Nature Notes – Signs of Spring

Red osier dogwood in early spring

With a whole series of winter storms this March, you may have put off your hopeful search for signs of spring. Rest assured that there is plenty of spring activity taking place right now, though! March is a peak mating time for many mammals in Maine, and if you’ve heard strange screams and yowls from the woods, that is likely the source. Many of them are exiting winter sleeping spots and seeking mates and dens for raising young, and so a walk in any woods after our storms will yield plenty of signs of animal activity. Like me you’ve probably gotten a mood boost already from cardinals singing and perhaps the “peter, peter, peter, peter” of the tufted titmouse. At the end of this post (first in our new series Nature Notes), you’ll find some places to find out more about nature. One resource that anyone can enjoy is a new version of the classic pocket guide Track Finder, by Dorcas Miller (a Maine resident). It is packed with easy useful tools so that anyone can identify even vague tracks. I highly recommend it!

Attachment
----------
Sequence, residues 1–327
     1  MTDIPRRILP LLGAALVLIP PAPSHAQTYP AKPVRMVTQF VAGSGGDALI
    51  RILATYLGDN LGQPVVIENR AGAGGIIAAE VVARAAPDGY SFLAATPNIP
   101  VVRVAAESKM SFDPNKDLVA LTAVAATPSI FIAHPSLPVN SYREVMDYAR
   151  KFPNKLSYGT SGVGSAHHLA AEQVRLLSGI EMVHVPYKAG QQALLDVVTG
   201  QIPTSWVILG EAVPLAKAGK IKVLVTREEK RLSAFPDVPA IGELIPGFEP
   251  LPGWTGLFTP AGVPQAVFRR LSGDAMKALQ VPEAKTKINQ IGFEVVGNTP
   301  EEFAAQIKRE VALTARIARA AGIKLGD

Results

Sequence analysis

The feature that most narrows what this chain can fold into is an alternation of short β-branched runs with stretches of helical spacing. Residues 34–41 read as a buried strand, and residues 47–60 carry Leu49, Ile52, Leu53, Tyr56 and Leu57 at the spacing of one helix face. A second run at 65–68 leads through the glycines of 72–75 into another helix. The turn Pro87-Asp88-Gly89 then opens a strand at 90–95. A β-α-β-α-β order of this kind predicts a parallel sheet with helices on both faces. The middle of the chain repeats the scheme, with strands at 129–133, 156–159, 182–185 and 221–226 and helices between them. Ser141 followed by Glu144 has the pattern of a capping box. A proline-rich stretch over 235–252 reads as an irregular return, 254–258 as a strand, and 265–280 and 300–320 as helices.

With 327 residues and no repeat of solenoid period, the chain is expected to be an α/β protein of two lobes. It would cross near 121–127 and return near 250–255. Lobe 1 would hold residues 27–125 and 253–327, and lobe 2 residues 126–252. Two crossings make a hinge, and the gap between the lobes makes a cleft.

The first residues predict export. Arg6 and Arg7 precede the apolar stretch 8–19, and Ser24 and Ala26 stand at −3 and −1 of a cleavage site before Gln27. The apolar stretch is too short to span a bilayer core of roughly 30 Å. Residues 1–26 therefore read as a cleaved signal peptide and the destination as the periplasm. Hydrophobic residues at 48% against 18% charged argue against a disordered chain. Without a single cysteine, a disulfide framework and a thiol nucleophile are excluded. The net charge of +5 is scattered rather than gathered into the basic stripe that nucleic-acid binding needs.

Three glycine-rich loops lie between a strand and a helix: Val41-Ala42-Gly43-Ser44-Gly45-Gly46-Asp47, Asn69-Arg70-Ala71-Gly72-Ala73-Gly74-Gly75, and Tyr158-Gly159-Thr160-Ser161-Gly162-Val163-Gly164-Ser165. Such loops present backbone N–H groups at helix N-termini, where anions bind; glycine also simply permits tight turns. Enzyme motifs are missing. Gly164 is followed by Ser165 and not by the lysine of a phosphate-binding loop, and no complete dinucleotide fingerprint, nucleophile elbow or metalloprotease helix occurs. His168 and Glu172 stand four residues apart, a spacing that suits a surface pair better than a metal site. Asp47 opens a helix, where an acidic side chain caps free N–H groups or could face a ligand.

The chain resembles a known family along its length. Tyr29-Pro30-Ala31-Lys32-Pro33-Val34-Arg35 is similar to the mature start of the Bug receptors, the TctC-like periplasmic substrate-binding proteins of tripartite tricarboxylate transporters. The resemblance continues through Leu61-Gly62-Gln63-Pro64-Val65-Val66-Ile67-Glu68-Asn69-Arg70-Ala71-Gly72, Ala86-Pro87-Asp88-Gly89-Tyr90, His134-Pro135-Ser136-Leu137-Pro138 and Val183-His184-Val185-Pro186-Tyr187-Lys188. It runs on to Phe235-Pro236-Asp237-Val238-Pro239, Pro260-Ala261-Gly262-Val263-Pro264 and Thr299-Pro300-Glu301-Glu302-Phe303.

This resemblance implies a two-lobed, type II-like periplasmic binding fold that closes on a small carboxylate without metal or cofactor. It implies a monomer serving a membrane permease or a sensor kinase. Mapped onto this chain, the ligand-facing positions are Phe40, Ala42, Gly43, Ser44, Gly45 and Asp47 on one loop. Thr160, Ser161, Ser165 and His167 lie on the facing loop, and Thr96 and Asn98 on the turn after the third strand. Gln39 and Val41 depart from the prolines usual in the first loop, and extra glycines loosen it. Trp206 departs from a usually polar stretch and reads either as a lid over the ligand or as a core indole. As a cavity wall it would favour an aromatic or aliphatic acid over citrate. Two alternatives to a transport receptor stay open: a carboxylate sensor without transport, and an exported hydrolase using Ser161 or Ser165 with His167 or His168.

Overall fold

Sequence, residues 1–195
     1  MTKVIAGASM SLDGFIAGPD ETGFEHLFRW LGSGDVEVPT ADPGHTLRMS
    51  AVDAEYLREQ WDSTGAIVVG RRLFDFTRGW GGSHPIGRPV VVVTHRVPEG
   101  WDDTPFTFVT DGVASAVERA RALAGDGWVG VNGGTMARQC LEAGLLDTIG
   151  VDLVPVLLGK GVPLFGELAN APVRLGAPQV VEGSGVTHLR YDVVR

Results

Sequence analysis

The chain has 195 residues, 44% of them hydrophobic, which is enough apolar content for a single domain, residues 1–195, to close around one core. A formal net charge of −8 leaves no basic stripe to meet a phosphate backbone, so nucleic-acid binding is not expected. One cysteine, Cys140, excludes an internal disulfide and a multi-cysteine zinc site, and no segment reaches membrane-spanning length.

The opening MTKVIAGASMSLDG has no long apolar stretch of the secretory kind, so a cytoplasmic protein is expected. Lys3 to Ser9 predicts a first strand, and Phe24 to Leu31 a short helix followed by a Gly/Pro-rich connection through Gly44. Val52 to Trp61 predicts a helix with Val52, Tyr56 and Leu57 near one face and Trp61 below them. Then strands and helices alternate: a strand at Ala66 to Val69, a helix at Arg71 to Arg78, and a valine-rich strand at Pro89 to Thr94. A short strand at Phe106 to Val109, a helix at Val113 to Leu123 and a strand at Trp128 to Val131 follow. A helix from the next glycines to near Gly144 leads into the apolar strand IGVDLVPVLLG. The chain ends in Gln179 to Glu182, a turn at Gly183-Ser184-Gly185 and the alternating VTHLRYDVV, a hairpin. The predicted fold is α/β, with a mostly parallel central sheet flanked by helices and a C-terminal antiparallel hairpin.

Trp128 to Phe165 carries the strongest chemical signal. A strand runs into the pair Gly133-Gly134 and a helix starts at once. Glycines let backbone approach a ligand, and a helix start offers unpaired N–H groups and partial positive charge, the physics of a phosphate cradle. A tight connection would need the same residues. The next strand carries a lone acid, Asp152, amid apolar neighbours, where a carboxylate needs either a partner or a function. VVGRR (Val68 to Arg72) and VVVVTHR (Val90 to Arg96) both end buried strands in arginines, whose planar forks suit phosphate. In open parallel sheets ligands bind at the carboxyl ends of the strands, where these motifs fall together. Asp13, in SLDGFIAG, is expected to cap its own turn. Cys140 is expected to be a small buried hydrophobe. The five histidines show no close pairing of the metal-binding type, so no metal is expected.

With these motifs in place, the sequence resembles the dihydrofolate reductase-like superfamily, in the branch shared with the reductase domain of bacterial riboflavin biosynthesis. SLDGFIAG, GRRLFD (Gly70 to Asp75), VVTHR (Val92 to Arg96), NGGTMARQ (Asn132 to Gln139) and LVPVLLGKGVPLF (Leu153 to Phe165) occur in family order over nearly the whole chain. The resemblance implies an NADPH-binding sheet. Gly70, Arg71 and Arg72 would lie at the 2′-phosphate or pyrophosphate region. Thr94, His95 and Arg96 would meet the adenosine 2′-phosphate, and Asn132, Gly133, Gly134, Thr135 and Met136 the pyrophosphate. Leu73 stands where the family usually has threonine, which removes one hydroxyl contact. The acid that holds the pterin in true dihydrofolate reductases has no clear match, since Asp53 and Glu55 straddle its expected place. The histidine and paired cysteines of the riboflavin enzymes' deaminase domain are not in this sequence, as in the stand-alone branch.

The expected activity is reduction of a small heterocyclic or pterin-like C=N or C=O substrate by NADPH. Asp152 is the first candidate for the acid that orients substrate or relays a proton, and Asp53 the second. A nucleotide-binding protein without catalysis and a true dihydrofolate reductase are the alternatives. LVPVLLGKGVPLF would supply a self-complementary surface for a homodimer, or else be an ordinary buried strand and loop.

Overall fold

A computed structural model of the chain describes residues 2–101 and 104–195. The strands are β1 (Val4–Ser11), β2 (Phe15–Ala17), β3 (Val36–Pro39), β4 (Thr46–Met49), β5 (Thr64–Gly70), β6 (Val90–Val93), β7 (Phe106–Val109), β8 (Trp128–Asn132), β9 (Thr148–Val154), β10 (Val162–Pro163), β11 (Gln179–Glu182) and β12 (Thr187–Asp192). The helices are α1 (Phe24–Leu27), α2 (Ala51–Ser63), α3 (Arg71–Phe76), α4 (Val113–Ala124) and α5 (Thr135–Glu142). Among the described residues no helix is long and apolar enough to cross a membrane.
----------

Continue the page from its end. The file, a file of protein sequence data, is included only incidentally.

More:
Plants are waking up too, which you know if you do any maple sugaring, because the sap is flowing. But take a look in roadside wet areas….you can see lots of new color, because twigs of some of our native plants are turning bright purple, red and yellow. One of my favorites is the red-osier dogwood, Cornus sericea (see picture), whose twigs become bright red with a pigment that reacts strongly to light. The sun is bright now, and no leaves are in the way so its twigs are at their brightest, and they are red year round, which makes it a great landscape plant that will brighten your yard or woodland edge in all seasons. Birds are very attracted to its berries, so it doubles as a wildlife habitat plant. Also brightening up right now are willow twigs turning yellow. These wild species are also plants you can landscape with. Both red-osier dogwood and pussy willow are available as part of our shrub sale this spring, in fact! It’s possible to add a few of these native plants to your woods edge, property border, wet areas, and pond edges and really beautify your landscape and attract wildlife. It’s also great to add plants that you will harvest fruit from, because they too offer habitat and beauty….highbush blueberry and elderberry come to mind.

Tufted titmouse

Some armchair nature study resources:

Track Finder: A Guide to Mammal Tracks of Eastern North America (Finders) by Dorcas Miller. New 2nd edition has a cover photo of a coyote.

To see common birds and listen to their calls, visit All About Birds. There is lots to do on this site, including watching feeder and nest cams!